Passing overload sets to functions
Passing functions to functions is becoming increasingly prevalent in C++. With common advice being to prefer algorithms to loops, new library features like
std::visit, lambdas being incrementally beefed up12 and C++ function programming talks consistently being given at conferences, it’s something that almost all C++ programmers will need to do at some point. Unfortunately, passing overload sets or function templates to functions is not very well supported by the language. In this post I’ll discuss a few solutions and show how C++ still has a way to go in supporting this well.
We have some generic operation called
foo. We want a way of specifying this function which fulfils two key usability requirements.
1- It should be callable directly without requiring manually specifying template arguments:
2- Passing it to a higher-order function should not require manually specifying template arguments:
A simple first choice would be to make it a function template:
This fulfils the first requirement, but not the second:
That’s no good.
A second option is to write
foo as a function object with a call operator template:
We are now required to create an instance of this type whenever we want to use the function, which is okay for passing to other functions, but not great if we want to call it directly:
We have similar problems when we have multiple overloads, even when we’re not using templates:
We’re going to need a different solution.
As an intermediate step, we could use the normal function template approach, but wrap it in a lambda whenever we want to pass it to another function:
That’s not great. It’ll work in some contexts where we don’t know what template arguments to supply, but it’s not yet suitable for all cases. One improvement would be to add perfect forwarding:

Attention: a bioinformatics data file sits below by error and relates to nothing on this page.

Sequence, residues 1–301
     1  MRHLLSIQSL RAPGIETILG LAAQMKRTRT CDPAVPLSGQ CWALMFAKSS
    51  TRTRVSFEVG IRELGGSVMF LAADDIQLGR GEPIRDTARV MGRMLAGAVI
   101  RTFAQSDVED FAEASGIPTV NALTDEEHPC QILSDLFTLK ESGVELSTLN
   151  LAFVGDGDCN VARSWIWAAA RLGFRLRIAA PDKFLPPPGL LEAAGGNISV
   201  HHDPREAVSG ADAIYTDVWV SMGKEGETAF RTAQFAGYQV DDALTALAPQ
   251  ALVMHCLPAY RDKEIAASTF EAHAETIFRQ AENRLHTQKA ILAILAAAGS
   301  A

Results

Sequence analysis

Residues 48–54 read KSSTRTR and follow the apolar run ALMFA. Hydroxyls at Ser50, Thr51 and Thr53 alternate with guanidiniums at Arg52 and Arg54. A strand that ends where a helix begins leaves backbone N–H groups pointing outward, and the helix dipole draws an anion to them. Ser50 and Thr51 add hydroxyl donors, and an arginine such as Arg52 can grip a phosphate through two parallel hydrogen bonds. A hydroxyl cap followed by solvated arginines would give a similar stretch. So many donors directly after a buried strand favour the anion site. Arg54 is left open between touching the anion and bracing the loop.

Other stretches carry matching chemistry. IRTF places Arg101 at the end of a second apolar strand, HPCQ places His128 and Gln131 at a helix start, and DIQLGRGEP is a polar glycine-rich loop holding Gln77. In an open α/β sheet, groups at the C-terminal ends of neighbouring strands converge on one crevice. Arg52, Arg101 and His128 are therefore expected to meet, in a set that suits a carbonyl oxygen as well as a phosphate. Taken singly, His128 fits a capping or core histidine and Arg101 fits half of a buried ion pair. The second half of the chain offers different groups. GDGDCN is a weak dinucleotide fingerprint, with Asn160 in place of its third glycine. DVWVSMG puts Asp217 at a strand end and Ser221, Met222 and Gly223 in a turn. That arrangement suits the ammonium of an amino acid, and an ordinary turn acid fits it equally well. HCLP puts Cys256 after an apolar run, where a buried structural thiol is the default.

But wait, we want to be SFINAE friendly, so we’ll add a trailing return type:
Okay, it’s getting pretty crazy and expert-only at this point. And we’re not even done! Some contexts will care about
So the solution is to write this every time we want to pass an overloaded function to another function. That’s probably a good way to make your code reviewer cry.
The above is functionally equivalent to the triplicated monstrosity in the example before. Even better, if P0834: Lifting overload sets into objects was accepted, we could write:
That lifts the overload set into a single function object which we can pass around. Unfortunately, all of those proposals have been rejected. Maybe they can be renewed at some point, but for now we need to make do with other solutions. One such solution is to approximating
foo with a macro (I know, I know).
Now our higher-order function call becomes:
Okay, so there’s a macro in there, but it’s not too bad (you know we’re in trouble when I start trying to justify the use of macros for this kind of thing). So
LIFT is at least some solution.
Making function objects work for us